Often several places have the same name. For example, at least ten towns are called Saint-Clément in present-day France.

Not every town is on every map.

The spelling and even names of some towns may have changed since your ancestors lived there. For example, Crantenoy became Mesnils sur Madon (Les) in 1971.

Some localities have different names in different languages. For example, the French town of Sélestat is called Schlettstadt in German. Bretagne is spelled Brittany in English.

Political boundaries are not clearly indicated on all maps.

Complete listings of localities in the old provinces or dioceses are difficult to find.

Finding the Specific Town on the Map

To do successful research in France, you must identify the town where your ancestor lived. Because many towns have the same name, you may need some additional information before you can locate the correct town on a map. You will be more successful if you have some information about the town. Before using a map, search gazetteers, histories, family records, and other sources to learn all you can about the following:

  • The canton, district [arrondissement], department [département], province, or parish, and diocese [diocèse] your ancestor's town was in.
  • The name of the town where your ancestor was born or married.
  • Towns where related ancestors lived.
  • The size of the town.
  • The occupation of your ancestor or his relatives (this may indicate the size or industries of the town), or nearby localities, such as large cities.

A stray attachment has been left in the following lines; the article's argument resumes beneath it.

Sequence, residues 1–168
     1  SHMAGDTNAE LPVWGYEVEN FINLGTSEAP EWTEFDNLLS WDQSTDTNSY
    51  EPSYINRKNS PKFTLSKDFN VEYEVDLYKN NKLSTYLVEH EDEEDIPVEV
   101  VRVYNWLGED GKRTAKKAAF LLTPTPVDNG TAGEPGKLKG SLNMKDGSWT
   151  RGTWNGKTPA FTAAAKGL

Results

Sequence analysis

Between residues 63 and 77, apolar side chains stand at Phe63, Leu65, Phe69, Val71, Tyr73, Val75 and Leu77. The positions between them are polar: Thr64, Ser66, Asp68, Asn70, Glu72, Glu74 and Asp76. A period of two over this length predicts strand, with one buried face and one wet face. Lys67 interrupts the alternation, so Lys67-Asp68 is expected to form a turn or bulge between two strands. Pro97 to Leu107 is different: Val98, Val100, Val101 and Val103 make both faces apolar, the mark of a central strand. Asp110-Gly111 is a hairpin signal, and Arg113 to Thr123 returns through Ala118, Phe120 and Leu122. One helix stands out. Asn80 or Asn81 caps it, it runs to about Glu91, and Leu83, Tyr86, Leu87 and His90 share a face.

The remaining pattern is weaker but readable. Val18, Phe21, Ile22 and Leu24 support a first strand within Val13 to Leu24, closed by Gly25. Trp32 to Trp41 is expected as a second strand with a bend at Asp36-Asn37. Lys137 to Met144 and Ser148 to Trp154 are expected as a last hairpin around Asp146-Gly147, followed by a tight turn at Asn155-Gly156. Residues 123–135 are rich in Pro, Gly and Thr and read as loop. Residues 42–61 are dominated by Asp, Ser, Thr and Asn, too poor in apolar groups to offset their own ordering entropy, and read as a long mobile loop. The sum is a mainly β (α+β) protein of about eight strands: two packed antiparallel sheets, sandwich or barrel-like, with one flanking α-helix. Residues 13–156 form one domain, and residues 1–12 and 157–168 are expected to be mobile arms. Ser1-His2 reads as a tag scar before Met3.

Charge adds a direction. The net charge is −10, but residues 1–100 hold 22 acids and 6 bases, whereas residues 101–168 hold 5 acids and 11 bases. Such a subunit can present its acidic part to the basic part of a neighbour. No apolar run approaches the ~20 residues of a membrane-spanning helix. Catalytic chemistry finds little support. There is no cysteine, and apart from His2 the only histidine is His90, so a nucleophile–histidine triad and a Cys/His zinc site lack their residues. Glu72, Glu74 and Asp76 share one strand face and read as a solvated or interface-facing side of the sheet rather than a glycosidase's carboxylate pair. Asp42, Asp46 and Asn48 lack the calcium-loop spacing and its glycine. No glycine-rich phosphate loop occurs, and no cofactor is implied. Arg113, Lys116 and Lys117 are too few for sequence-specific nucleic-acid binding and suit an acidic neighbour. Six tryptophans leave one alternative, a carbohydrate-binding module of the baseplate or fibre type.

• Nearby features, such as rivers and mountains.
  • Dates when the town was renamed.
  • Other names the town was known by.

Use gazetteers to identify the department or canton your ancestor's town was in. This will distinguish it from other towns of the same name and help you locate it on a map. See the "Gazetteers" section.

Finding Maps and Atlases

Collections of maps and atlases are available at numerous historical societies and at public and university libraries.

The Family History Library has an excellent collection of French maps and atlases. These are listed in the Place search of the Family History Library Catalog under FRANCE - MAPS.

Some helpful maps at the Family History Library are:

  • Cassini de Thury, César François. Carte de France (Map of France). Paris, France: [s.n.], 1759-1789. Microfiched at Washington, DC, USA: LC Photoduplication Service, 1985. (Family History Library fiche 6002154 part 1 to 186.) Scale 1: 86,400.
  • Institut Géographique National (France). Cartes topographique [de France] (Topographic maps of France). Paris, France: Institut Géographique National, 1984. (Family History Library Map 944 E7ig; not on microfilm.) Scale 1: 100,000.

Helpful atlases for France are:

  • Grand atlas routier, France, Belgique (Road atlas of France and Belgium). Paris, France: Editions Solar, 1986. (Family History Library book 944 E7g; not on microfilm.) Includes Luxembourg. Scale 1: 250,000.

See also the "Gazetteer" and "Historical Geography" sections.

You can purchase maps of France from:


Genealogy Unlimited
P.O. Box 537
Orem, UT 84059-0537
USA
Telephone 800-666-4363


Beautiful Cassini maps of France are available online. "The French Genealogy Blog" includes a link to one site ("Des Villages de Cassini aux Communes d'aujourd'hui") with very helpful instructions for use of the site.

Cassini maps can also be found through FranceGenWeb. Click the "Rechercher" button for a map and list of départements. Select a département, then a commune. Click on the "Code Insee," then on "Cassini avec GenCom." Other links include more maps and information.



 

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  • This page was last modified on 2 August 2012, at 15:06.